By 3 News online staff
The former leader of the controversial Centrepoint commune on Auckland's North Shore has died aged 86.
Bert Potter spent years in jail on drugs charges, and for indecently assaulting young girls at the commune. He had been suffering from Alzheimers for the past few years.
A 2010 study found many who lived at the commune suffered long-term effects, such as depression and anxiety as a result of the drug use, sexual abuse and parental neglect which occurred at the commune.
Barri Leslie was a member of the commune for 13 years and eventually played a pivotal role in its closure in 2000.
“What was happening at that time was a revolution in relationships really, and relationships were breaking up, my relationship had broken up… but there weren’t the social supports there and so Bert… was kind of flavour of the month for people to go to,” Ms Leslie told Firstline this morning.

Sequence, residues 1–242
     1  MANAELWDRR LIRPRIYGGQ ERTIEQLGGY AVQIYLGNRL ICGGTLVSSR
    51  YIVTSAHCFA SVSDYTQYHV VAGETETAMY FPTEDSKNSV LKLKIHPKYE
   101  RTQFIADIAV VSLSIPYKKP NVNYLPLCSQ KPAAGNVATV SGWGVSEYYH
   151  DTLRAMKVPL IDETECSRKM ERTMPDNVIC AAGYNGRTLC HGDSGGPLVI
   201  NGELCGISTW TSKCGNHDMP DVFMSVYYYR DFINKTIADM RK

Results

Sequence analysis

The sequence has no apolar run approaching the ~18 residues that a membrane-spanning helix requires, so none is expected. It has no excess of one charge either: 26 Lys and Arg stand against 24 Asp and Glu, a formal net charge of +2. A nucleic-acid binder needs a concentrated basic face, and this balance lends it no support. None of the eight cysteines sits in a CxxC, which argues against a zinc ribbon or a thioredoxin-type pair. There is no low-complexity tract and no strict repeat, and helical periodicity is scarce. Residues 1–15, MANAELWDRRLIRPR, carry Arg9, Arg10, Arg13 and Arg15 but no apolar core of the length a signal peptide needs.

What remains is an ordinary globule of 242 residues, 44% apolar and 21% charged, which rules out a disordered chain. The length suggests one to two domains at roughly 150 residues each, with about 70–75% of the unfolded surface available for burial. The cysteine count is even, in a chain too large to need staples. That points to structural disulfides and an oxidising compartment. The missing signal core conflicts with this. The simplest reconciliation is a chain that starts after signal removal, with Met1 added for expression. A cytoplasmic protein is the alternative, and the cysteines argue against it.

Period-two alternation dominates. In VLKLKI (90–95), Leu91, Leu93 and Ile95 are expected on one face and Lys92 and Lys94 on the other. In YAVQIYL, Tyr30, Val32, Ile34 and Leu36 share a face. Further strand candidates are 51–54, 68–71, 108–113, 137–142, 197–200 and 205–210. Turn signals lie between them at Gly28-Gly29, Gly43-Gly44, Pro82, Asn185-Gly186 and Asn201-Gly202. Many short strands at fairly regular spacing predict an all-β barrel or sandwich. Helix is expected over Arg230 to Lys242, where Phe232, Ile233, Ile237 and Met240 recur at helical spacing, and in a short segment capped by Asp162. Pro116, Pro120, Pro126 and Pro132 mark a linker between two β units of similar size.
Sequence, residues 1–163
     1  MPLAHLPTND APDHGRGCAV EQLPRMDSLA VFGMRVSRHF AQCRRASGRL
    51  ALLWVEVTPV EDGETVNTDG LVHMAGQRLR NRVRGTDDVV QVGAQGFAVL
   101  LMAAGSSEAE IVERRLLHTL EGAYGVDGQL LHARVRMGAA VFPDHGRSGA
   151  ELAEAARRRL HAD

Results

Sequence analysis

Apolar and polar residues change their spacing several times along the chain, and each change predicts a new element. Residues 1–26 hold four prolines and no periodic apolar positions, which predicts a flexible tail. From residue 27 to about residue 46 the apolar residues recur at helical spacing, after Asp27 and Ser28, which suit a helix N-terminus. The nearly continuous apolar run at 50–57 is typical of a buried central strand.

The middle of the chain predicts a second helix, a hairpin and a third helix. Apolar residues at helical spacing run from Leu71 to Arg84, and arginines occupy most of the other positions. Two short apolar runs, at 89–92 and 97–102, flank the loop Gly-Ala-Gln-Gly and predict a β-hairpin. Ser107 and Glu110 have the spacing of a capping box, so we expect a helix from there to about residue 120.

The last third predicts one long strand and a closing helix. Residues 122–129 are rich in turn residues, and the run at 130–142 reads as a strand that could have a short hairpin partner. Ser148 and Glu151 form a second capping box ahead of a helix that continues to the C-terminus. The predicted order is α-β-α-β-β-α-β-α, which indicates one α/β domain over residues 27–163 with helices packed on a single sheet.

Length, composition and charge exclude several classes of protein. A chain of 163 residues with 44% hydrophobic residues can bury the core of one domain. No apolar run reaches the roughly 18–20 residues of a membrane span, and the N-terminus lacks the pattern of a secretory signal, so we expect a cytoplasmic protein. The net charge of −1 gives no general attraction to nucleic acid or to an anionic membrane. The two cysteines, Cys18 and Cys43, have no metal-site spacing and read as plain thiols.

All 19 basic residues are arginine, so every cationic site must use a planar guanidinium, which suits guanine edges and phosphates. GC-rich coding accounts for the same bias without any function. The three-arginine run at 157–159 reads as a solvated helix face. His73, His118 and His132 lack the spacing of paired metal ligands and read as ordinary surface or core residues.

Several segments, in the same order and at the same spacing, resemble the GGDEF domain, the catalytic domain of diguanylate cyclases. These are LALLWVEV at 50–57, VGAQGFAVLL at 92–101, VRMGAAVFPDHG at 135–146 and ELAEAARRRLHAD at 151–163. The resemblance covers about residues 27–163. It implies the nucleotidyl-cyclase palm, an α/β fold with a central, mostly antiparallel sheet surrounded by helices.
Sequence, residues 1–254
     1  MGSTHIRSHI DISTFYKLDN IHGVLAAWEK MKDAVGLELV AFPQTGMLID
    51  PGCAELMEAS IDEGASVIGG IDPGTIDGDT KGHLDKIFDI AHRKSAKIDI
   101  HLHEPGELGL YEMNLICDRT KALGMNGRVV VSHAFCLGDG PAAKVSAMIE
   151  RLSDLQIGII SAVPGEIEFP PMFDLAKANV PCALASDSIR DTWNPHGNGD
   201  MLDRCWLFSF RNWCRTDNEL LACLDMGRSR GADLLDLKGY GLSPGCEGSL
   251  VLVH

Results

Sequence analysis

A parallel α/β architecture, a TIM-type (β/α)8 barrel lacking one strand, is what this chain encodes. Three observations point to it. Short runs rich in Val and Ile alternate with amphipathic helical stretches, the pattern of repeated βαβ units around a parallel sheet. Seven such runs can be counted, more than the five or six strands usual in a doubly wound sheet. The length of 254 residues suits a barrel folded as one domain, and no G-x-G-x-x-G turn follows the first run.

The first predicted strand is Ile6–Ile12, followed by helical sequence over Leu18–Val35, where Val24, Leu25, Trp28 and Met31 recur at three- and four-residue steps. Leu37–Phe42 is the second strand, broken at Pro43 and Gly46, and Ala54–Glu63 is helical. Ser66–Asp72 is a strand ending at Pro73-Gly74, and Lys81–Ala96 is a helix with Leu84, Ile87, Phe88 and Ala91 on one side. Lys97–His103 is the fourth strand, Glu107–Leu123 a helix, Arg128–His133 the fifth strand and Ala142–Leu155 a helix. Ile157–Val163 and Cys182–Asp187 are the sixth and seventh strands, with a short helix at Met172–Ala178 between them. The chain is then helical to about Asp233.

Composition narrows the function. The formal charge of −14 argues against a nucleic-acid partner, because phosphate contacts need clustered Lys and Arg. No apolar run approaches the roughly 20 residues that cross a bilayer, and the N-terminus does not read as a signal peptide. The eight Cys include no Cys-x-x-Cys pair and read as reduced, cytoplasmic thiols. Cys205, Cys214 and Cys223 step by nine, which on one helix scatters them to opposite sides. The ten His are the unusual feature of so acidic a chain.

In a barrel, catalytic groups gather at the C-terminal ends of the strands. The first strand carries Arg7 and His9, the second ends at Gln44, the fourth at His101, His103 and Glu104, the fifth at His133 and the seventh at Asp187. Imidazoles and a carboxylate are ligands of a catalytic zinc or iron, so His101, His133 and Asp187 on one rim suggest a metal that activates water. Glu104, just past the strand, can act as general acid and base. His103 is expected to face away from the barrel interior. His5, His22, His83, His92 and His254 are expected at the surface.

She says it was the late 1970s, a very different world, when people were attracted to Centrepoint and to Bert Potter.
“Leaders like Bert can create a huge emotional hype, and that’s very attractive when people are in stress,” says Ms Leslie.
When Potter was released from jail in 1999, he went back to Centrepoint. Ms Leslie then made it her mission to get Centrepoint shut down.
“The thought just kept staying with me [that] this place should be closed down. I didn’t know how to do that. It was a real team effort, I was just a spokesperson,” she says.
Ms Leslie says those who ‘suffered’ at the commune will be relieved at Mr Potter’s death.
source: newshub archive